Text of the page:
Executive Board Assessment

Executive Directors welcomed the maintenance of macroeconomic stability and the restoration of growth over the last few years, which were supported by donors through financial and technical assistance, and favorable external factors that facilitated a rapid expansion of exports. Notwithstanding these developments, however, Directors noted that poverty is still widespread and—with a narrow production base, continuing governance concerns, and a still low revenue-to-GDP ratio—the foundations for sustained growth in the future remain weak. Going forward, the main challenges facing the country will therefore be to rationalize expenditures and boost revenues, broaden the production base, and strengthen progress on key structural issues, particularly governance, fiscal reform, and forestry.

To reduce poverty, Directors stressed the importance of promoting broad-based economic growth through foreign investment and the encouragement of private sector activity. In this regard, they noted that removing impediments to business activity is essential. In particular, complaints by foreign and domestic investors about the burden of informal facilitation fees and uncertainties in the regulatory framework and labor market rigidities need to be addressed with urgency. Poverty alleviation efforts would also need to focus on strengthening productivity in the agricultural sector, as most of the poor live in rural areas.

In the period ahead, Directors underscored the need for a major strengthening of government capacity, which will require rebuilding official institutions and an upgrading of the civil service in close consultation with the World Bank and other donors. In addition, Directors considered the current system of investment incentives, which provides for large exemptions, difficult to administer, and recommended replacing the system with a simple and transparent regime with low tax rates.

Directors welcomed the progress made in increasing fiscal revenue in recent years, but noted that a further increase in the tax ratio is required to provide resources for strengthening government capacity and spending on social services and infrastructure. In this regard, they urged the authorities to make effective use of technical assistance to further improve tax and customs administration and to prevent further erosion of the revenue base. Moreover, greater efforts should be made to ensure that appropriate fees from government contracts with service providers are transferred to the Treasury.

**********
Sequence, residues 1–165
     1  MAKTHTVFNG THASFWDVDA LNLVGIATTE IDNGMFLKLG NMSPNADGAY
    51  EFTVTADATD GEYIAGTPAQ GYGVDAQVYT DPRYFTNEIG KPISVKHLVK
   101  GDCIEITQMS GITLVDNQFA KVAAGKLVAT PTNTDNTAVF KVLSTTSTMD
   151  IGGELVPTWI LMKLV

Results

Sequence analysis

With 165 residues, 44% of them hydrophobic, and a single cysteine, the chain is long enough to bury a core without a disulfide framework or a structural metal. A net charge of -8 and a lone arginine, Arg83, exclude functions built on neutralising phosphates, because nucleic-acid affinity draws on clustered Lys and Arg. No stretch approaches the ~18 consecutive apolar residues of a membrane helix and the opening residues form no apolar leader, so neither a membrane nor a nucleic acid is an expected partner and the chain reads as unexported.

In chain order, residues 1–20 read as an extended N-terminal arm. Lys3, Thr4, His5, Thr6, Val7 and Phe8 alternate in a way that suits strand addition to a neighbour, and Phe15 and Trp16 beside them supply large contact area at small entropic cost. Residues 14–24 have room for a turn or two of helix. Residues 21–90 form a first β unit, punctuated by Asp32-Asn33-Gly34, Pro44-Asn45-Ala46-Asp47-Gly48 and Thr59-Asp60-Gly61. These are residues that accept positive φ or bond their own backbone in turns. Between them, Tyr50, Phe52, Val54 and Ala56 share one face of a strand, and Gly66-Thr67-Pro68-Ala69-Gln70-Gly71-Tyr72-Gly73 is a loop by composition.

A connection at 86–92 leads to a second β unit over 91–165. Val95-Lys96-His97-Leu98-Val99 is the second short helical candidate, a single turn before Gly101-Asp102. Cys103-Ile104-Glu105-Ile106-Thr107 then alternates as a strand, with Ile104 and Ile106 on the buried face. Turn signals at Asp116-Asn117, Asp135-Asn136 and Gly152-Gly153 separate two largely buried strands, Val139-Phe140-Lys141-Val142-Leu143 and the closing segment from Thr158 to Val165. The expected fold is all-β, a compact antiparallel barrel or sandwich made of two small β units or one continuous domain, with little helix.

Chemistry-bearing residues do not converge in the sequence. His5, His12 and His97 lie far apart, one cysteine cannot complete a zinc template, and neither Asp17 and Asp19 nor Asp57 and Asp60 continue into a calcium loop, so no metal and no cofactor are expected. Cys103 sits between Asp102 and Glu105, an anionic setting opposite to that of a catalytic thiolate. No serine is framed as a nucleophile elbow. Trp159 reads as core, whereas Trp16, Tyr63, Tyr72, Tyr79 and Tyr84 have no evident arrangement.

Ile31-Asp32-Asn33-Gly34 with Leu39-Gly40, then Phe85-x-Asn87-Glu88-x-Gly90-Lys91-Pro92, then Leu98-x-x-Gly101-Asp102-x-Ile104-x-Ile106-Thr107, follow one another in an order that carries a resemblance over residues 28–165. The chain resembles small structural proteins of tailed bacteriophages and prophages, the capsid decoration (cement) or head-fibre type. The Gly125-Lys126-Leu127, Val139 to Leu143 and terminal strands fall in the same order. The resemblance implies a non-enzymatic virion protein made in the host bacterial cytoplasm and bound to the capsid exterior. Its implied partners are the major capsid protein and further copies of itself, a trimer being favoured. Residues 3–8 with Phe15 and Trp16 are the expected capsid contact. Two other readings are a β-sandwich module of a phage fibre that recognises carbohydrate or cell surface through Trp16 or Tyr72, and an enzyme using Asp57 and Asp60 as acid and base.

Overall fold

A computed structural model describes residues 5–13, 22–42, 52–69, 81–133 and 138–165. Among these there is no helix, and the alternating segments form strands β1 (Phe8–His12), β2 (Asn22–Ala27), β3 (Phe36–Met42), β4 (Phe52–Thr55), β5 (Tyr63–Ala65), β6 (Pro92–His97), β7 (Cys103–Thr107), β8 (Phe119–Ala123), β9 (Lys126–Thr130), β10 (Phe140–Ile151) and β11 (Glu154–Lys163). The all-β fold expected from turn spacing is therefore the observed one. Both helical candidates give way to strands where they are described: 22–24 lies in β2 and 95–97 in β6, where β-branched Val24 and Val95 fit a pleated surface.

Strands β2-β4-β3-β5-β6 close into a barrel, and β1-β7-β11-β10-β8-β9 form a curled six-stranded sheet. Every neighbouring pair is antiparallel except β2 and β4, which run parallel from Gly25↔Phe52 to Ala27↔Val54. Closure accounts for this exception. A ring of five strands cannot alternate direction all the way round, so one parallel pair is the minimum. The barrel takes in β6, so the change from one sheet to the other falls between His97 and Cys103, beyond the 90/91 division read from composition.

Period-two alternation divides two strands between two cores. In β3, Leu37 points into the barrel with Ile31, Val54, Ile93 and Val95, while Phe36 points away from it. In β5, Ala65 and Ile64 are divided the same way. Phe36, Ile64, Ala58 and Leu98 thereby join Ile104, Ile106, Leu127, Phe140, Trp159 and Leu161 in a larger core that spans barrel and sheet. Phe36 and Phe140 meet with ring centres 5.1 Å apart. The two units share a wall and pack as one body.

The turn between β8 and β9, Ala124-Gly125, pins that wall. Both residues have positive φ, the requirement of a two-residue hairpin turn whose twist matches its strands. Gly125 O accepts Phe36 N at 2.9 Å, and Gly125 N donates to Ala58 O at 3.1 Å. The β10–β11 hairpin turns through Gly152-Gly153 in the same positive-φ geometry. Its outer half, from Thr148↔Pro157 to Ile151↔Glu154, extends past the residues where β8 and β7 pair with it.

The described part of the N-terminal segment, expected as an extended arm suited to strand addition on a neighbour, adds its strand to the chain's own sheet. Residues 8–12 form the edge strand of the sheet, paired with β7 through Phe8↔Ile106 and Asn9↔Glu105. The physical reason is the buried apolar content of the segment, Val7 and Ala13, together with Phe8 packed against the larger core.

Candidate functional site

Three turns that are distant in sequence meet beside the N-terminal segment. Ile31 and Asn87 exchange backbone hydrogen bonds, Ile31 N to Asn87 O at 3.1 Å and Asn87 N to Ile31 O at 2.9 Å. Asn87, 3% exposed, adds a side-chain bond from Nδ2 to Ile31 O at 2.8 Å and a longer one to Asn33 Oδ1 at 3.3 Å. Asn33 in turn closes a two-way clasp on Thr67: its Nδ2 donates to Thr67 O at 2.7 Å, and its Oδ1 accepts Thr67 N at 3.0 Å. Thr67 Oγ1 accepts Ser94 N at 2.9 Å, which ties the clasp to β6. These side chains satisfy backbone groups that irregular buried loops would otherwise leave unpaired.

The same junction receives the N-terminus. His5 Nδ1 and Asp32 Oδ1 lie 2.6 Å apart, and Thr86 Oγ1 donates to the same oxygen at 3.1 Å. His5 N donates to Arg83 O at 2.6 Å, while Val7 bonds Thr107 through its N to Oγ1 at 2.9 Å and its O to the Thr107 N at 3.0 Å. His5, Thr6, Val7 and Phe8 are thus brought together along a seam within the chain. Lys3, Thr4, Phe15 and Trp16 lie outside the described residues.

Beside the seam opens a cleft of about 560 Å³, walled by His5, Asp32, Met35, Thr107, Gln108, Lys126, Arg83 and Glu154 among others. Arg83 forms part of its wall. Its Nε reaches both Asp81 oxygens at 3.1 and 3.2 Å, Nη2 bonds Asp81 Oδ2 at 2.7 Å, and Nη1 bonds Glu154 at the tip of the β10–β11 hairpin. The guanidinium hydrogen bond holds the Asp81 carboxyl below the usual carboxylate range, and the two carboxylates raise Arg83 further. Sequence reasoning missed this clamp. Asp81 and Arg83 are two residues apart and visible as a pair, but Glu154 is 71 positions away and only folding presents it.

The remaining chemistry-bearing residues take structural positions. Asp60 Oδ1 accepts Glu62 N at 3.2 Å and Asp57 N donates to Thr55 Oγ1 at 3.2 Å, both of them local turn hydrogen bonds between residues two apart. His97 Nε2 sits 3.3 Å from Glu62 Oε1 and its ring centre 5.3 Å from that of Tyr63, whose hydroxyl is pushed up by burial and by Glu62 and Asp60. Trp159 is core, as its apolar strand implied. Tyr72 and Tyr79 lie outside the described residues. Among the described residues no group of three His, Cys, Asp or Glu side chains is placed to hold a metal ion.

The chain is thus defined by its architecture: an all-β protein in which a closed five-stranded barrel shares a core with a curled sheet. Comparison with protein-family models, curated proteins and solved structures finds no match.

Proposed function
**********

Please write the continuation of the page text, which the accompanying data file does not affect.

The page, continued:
Directors commended the authorities for their initial efforts in redirecting expenditure from defense to priority sectors and encouraged the authorities to press ahead with these efforts, with more emphasis on health, education, and the agricultural sector. They also encouraged the authorities to enhance coordination among government agencies in order to strengthen budget and cash management.

Directors underscored the urgent need to improve governance during the next phase of reform, and welcomed the preparation of the Second Governance Action Plan, which is focused on corruption and social issues. In this connection, Directors urged the adoption of the Anti-Corruption Law as soon as possible and further progress in establishing a modern legal and judiciary system. Directors also highlighted the importance of effective monitoring of logging activities to ensure the sustainability of natural resources, and stressed that progress in this area would be an important indicator of the government’s commitment to enhanced governance. Directors also underscored the importance of approving a medium-term plan for sustainable forestry management in a fully transparent manner.

Directors welcomed completion of the process of relicensing commercial banks, which has helped to restore banking sector soundness. In this connection, they urged the authorities to follow through on their plans to privatize the Foreign Trade Bank and stressed the importance of strengthening banks’ lending activity. To reduce lending risks faced by banks, the regulatory framework, including laws related to the provision of collateral and the protection of creditors’ rights, should be further enhanced. Directors encouraged the authorities to develop mechanisms to allow micro-finance institutions to play a larger role, in particular, in providing credit to rural areas. Incentives and appropriate policies to encourage de-dollarization were also seen as important steps to be taken.